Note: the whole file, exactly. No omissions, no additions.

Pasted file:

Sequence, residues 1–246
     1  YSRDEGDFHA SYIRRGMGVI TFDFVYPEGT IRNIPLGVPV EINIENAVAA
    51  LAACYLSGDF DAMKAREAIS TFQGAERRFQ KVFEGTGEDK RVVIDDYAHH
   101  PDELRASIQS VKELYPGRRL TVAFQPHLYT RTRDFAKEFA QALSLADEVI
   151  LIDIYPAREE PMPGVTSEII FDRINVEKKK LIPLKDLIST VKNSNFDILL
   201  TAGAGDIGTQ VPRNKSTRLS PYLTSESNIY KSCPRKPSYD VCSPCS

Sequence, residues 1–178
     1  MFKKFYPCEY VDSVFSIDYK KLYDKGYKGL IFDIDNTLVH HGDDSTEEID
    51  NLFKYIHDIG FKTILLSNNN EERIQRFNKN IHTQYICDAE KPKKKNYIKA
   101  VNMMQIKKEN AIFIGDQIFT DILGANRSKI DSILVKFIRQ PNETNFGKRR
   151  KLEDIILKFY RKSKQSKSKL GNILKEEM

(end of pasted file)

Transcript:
Sequence, residues 1–246
     1  YSRDEGDFHA SYIRRGMGVI TFDFVYPEGT IRNIPLGVPV EINIENAVAA
    51  LAACYLSGDF DAMKAREAIS TFQGAERRFQ KVFEGTGEDK RVVIDDYAHH
   101  PDELRASIQS VKELYPGRRL TVAFQPHLYT RTRDFAKEFA QALSLADEVI
   151  LIDIYPAREE PMPGVTSEII FDRINVEKKK LIPLKDLIST VKNSNFDILL
   201  TAGAGDIGTQ VPRNKSTRLS PYLTSESNIY KSCPRKPSYD VCSPCS

Sequence, residues 1–178
     1  MFKKFYPCEY VDSVFSIDYK KLYDKGYKGL IFDIDNTLVH HGDDSTEEID
    51  NLFKYIHDIG FKTILLSNNN EERIQRFNKN IHTQYICDAE KPKKKNYIKA
   101  VNMMQIKKEN AIFIGDQIFT DILGANRSKI DSILVKFIRQ PNETNFGKRR
   151  KLEDIILKFY RKSKQSKSKL GNILKEEM